Although salt gets a bad rap in our culture, it’s beneficial to consume healthy amounts of unrefined salts. Sodium is essential for balancing fluids in the body, transmitting nerve impulses, and managing muscle contraction and relaxation.
Dietary guidelines recommend limiting sodium intake to under one teaspoon (2,300 mg) daily, which includes the sodium added to processed foods (unless you have or are at risk for high blood pressure or kidney disease, in which case you should limit intake to 3/4 teaspoon or 1,500 mg daily). However, reasonable amounts of sodium are typically easy to stick to within a healthy natural diet–it’s processed foods that tend to put people over the top.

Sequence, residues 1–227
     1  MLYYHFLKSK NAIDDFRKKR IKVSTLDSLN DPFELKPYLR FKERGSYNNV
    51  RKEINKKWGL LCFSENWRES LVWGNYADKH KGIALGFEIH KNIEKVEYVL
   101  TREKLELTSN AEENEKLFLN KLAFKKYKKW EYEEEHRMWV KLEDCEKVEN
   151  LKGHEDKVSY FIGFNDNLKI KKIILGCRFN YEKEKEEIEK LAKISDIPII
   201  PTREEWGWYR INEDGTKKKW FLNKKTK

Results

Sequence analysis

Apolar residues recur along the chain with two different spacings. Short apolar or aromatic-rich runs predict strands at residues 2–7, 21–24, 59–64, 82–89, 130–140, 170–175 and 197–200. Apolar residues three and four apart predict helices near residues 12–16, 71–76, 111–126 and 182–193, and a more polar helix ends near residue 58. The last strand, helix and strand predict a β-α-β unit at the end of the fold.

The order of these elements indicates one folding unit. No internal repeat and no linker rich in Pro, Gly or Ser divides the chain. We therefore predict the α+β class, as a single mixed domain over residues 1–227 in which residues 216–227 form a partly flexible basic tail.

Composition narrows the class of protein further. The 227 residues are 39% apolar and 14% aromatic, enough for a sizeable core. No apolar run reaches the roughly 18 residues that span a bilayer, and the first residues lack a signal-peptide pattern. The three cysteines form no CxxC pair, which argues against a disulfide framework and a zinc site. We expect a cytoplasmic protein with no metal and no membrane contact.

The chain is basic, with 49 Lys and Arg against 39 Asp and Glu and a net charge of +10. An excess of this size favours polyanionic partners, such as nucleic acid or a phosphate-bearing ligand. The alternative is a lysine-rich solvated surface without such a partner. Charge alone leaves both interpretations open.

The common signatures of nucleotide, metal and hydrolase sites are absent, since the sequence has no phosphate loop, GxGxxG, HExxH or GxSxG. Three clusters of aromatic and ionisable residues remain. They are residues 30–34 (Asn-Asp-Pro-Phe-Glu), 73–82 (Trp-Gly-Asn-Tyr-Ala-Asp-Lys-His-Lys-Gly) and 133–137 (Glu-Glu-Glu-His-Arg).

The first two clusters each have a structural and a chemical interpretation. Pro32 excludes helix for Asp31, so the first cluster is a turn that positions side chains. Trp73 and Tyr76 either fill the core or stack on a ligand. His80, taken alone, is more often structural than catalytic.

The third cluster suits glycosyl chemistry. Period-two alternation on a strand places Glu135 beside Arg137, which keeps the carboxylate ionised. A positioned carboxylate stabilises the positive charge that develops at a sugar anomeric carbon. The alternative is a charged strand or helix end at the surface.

Table salt can easily be replaced with Himalayan pink salt in cooking, baking, and adding to food to taste. You can even make Sole, a healthy and energizing drink with it!
Most large grocers carry a Himalayan pink salt grinder (Trader Joe’s version is only $2!). A few sources have recommended that HimalaSalt is the ideal brand for its superior production and sustainability standards.
Butter >> Ghee
Butter is not bad for you. (Like salt–well, like most things, really–it’s not healthy in excess, but in and of itself it’s perfectly fine.)
But ghee is probably better.
Although both are the fats of whole milk, ghee (clarified butter) has a different fat content, which actually lowers LDL (“bad”) cholesterol and promotes heart health when consumed at moderate levels (less than 2 tablespoons per day).